...Narrator has insight to ALL characters' thoughts and feelings.
Let's IDENTIFY P.O.V.
3RD
PERSON
PERSON
PERSON
3RD
3RD
objective
limited
OMNISCIENT
objective
limited
OMNISCIENT
What do you see?
What do you see?
Stories are similar to the illusions above in that the same EVENTS can be told in very different ways when the perspective changes.
Why does P.O.V. matter?
Let's give it a try!
Read
the passages from Divergent and Harrison Bergeron.
Circle
every pronoun that refers to the protagonist and
underline
any character thoughts or feelings expressed by the narrator.
Consider
your own short story. On the lines below,
write
2-3 from your story that demonstrate which P.O.V. the story is told from.
Why
did you choose to write the story from this P.O.V.?

How
might the story change if told from another P.O.V.?
Speech-Thoughts-Effects-Actions-Looks
S.T.E.A.L.
S.T.E.A.L. your
characters!
"You want the truth? You can't handle the truth!" he said.
Begin creating your own well-developed character using a S.T.E.A.L. Profile. Log in to Google Classroom, open the template, and click FILE>MAKE A COPY to edit.
The profile has six charts. Develop a realistic character by filling out each of the them.
-Background
-Speech
-Thoughts
-EFFECT
-actions
-looks
Narrative Pacing
Pacing
is the speed at which a story unfolds for a reader.
Summaries
tend to
speed up
the narrative while
scenes
tend to
slow down
narratives.

The recipe for a good story requires several important ingredients such as
setting

description
,
character

description
, and
dialogue
among others. These ingredients are often found in a single scene.
Your Second Goal
Make a Scene!
Using what we've learned about sensory language and characterization, write a one page scene featuring 2-3 characters.
Your scene should contain the following elements mixed together:
Your First Goal
Analyze a Scene!
Consider what we've learned about sensory language, characterization, and pacing. Then, analyze one page of your own book choice.
Go sentence by sentence and identify where each of the three elements below are used? How many sentences contain each of the above elements?
Description of setting (five senses)
Description of character
Action (something that happens)

Description of setting (use five senses)
Description of characters (use adjectives and STEAL)
Meaningful Dialogue

Reveal Character
Advance plot
Create suspense
What characters say to each other can show the reader a lot about their personality.
For example:
"Stop your whining, you weasel! I don't wanna hear another word. No sniveling coward is going to back out on me now!"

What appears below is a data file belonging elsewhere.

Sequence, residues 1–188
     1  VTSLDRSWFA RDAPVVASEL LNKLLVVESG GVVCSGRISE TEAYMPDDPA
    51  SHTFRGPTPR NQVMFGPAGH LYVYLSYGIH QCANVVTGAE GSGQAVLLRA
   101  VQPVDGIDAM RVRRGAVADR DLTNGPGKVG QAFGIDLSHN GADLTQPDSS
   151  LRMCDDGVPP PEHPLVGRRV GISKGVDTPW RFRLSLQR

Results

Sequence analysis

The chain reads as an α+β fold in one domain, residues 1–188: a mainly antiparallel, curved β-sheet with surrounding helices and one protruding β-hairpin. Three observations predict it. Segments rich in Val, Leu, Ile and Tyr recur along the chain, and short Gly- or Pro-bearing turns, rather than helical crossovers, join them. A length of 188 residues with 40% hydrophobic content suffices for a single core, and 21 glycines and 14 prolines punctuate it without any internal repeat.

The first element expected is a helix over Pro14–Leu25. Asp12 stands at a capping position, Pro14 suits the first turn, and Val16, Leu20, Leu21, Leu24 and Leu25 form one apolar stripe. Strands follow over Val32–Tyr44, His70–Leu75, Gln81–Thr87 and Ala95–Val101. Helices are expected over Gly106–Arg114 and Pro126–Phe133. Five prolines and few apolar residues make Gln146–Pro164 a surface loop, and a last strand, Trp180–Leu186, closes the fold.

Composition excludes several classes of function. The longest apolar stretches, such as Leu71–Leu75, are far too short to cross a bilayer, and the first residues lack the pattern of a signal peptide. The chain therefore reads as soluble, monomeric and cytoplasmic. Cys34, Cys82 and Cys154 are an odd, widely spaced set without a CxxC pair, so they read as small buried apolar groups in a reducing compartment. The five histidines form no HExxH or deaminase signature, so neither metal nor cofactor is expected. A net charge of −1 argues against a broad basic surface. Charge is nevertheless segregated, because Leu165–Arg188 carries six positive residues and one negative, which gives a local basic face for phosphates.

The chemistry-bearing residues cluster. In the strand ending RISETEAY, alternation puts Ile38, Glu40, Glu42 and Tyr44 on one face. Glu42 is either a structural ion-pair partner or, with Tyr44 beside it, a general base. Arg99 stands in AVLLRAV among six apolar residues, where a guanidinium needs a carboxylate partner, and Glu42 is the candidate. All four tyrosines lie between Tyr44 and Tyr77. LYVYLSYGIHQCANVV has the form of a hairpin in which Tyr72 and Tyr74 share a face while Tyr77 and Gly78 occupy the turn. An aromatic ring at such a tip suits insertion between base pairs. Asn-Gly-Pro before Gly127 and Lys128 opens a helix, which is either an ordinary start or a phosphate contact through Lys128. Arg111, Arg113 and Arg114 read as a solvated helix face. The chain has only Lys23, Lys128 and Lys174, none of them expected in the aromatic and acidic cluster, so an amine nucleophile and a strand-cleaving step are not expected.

What character trait does this line of dialogue reveal about the character speaking?
A. Sympathetic
d. APATHETIC
c. TENACIOUS
b. NOBLE
What characters say to each other can also cause certain events to happen.
For example:
"That's right. Be there after closing. 10:00 pm. Make sure you ain't followed. We got to get in and out, 'cause security comes on at midnight."
Based on the information given, what event will happen?
A. robbery
c. work out
session
b. SHopping spree
d. world series
watch party
What characters say to each other can also raise the stakes or make the reader nervous.
For example:
"What do you mean the safe is empty?! Quiet! Someone's coming!"
This line of dialogue creates suspense because...
A. empty safe
c. robbers too
loud
b. security might
find the robbers
D. all of
the above
Dialogue Tag
"I don't think we're in Kansas anymore
,
"
said Dorothy.
"I don't think we're in Kansas anymore,"
said Dorothy
.
There are
four
rules to formatting dialogue:
Punctuation
"I don't think we're in Kansas anymore
,
" said Dorothy
.
Paragraph
"I don't think we're in Kansas anymore," said Dorothy.
"No," said the Munchkin King, "you're not."
YOUR TASK:
YOUR TASK:
Add Meaninful Dialogue to Your Story
--Grab a
chrome
, log in to
Google Classroom
, and open your
dystopian story
rough draft.

--Add at least
FIVE
lines of meaningful dialogue.
1.) Reveals
2.) Advances
3.) Creates

--Double check to make sure it is formatted correctly.
1.) Frame character's words with
2.) Add a every once in a while
3.) Use and in the right spots
4.) Make it a new when a new character speaks
cHARACTER
SUSPENSE
plot
COMMAS
PERIODS
paragraph
quotation marks
DIALOGUE TAG
Your Second Goal:
Convey a vivid picture
First
, describe a person and place (real or fictional). For the person, consider head shape, eyes, nose, mouth, etc. For the place, consider all five senses, but rely on sight for multiple details.

Next
, trade descriptions with another student and attempt to draw each other's descriptions.
Your third Goal:
Revise for improvement
First
, circle all the adjectives in your description and use the thesaurus and adjective list handout to find two better replacements for each adjective.
EXAMPLE:
Big nose and bushy eyebrows.

Next
, pick one of the adjective replacements and rewrite your description in paragraph format using either first, second, or third person point-of-view.